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Forgotten Wifi Passwords? Here's How To Find Them

by Paul Arnote (parnote)

PCLinuxOS, and Linux in general, is pretty good about remembering the passwords for our wifi connections. In fact, it may be too good. Usually, once we enter a valid password for a particular wifi connection, we rarely -- if ever -- have to enter it again. That ability to remember wifi connection passwords can also aid us in forgetting them, which can lead to some frustrating moments when it comes time to recall them.

Maybe you just forgot the password(s). And, who could blame you if you did? Or, maybe you want or need to share your wifi connection with guests, but can't remember the password. Hopefully, you're using complex passwords that can't easily be guessed, either. Plus, let's hope you're using WPA/PSK, and not WEP, for wifi security. WEP can typically be "broken" in less than 60 seconds by a determined and modestly intelligent hacker. While WPA/PSK is not immune from being hacked, doing so requires a LOT more work. A typical hacker will most likely move on to an easier target.

Fortunately, there are a couple of ways to "rediscover" your saved wifi connection passwords. Let's start by taking a look at the graphical way to recover them.

Open the PCLinuxOS Control Center. Click on the "Network Center" icon.

Now, click on the caret next to the connection you want to use. In this case, it should be your wifi connection. Select the wifi connection, and then click on the "Configure" button.

The fourth item down in the new window is labeled "Encryption key." Just beneath that, on the left side of the window is a checkbox labeled "Hide password."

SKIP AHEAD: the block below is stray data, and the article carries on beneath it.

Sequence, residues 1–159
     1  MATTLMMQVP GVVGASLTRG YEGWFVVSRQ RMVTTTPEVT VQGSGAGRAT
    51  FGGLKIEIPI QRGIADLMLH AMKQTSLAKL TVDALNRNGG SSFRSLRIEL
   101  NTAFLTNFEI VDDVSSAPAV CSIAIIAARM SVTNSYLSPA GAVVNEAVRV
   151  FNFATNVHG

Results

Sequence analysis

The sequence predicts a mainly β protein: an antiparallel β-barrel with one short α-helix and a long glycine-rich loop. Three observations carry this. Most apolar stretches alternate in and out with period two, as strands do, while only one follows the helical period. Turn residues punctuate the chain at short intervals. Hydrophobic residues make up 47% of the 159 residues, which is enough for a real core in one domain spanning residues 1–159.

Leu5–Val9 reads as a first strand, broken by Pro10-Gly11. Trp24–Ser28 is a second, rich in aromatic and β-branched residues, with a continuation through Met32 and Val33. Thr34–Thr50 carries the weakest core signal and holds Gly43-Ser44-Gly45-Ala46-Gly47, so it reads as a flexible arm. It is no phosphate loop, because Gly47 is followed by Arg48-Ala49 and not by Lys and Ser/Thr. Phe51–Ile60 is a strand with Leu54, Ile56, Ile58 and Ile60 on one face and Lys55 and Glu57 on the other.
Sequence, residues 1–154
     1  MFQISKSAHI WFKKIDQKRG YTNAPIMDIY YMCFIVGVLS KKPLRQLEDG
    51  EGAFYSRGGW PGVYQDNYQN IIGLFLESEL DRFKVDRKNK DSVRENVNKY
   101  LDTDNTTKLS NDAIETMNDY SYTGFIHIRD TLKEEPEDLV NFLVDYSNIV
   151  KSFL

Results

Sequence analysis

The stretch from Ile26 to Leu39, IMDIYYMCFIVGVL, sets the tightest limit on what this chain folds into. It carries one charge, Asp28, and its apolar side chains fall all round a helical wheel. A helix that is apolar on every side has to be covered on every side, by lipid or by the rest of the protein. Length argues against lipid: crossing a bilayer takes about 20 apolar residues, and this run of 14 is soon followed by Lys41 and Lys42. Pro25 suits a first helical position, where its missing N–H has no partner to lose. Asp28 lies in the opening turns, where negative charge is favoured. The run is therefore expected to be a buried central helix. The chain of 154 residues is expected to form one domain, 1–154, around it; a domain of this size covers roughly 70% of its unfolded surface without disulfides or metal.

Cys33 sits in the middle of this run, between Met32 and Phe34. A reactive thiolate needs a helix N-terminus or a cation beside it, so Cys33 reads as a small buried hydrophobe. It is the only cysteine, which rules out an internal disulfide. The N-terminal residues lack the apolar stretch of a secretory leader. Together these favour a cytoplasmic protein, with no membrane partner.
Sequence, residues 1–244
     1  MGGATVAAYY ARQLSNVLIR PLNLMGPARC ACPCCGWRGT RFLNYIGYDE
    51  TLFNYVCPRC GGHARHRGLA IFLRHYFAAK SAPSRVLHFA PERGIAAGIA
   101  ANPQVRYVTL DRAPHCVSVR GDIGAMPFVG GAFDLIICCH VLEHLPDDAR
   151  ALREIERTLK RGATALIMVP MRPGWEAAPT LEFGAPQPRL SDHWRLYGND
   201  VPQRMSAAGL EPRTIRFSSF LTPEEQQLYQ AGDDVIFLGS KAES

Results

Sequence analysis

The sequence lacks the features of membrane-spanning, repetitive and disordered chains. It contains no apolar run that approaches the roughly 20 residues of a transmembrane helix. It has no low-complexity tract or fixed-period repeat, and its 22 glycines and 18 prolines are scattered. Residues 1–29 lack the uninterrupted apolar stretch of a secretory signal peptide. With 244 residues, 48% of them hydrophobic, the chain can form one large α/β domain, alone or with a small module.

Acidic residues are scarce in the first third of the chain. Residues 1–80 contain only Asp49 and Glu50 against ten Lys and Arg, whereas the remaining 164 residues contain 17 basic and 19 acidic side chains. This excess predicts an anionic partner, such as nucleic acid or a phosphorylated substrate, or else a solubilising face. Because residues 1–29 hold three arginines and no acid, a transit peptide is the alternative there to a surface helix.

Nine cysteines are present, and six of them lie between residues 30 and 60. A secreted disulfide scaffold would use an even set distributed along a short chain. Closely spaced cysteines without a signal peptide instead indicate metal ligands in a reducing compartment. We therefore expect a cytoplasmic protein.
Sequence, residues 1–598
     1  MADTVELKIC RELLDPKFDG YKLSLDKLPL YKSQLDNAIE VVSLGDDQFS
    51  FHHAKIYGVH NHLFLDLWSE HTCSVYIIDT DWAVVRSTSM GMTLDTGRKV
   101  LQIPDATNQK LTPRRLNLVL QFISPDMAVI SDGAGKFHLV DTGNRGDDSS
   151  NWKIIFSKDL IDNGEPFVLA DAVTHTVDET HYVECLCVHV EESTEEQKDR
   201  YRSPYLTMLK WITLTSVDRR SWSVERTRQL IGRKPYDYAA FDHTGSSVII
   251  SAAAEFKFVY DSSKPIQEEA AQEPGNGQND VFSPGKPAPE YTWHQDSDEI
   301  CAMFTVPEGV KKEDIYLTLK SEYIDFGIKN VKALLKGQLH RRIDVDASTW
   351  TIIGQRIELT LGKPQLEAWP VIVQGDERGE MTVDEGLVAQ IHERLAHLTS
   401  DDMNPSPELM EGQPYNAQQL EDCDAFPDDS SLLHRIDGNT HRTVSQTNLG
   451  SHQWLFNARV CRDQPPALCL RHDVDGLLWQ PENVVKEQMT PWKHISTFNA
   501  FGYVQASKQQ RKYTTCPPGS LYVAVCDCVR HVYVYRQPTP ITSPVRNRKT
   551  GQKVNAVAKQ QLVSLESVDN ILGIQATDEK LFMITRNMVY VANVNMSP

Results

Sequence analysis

Uncheck the checkbox, and the password for your selected wifi connection will be displayed. (My information is blocked from your view, for obvious reasons).

Of course, this being Linux, there is more than one way to "rediscover" your wifi connection passwords. Let's take a look at how to do it from the command line.

Of course, you can't access the information as a regular user, so you will have to issue the command as the root user.

As the root user, enter grep psk= /etc/wpa_supplicant.conf at the command line.

Displayed (and blocked out for your viewing pleasure) will be all of the wifi connection passwords you've used at the bottom of the output. The passwords are not listed with the particular network they are associated with, at least by using this command.

Using the command tail -n22 /etc/wpa_supplicant.conf (as the root user) will give me not only the wifi connection passwords stored on my computer, but also give me the SSID of the wifi network connection that each password is associated with. You may need to use a number larger than 22 (number of lines at the end of the file to display) if you have more wifi connections stored in wpa_supplicant.conf than the three that I have stored.

Now if you're thinking that there is an inherent security liability from storing the wifi connection passwords in unencrypted text files, you might be right if access was open to all who wished to view it. But, the information is only available to the root user. So, if anything, this illustrates that you need to be careful about who has access to the root account. Graphically or from the command line, the information is only accessible by the root user.

As far as I know, none of this information is useful to help you crack or hack a wifi connection password you do not already have access to or been granted access to. For that, there are other tools you can use or try, with variable success.

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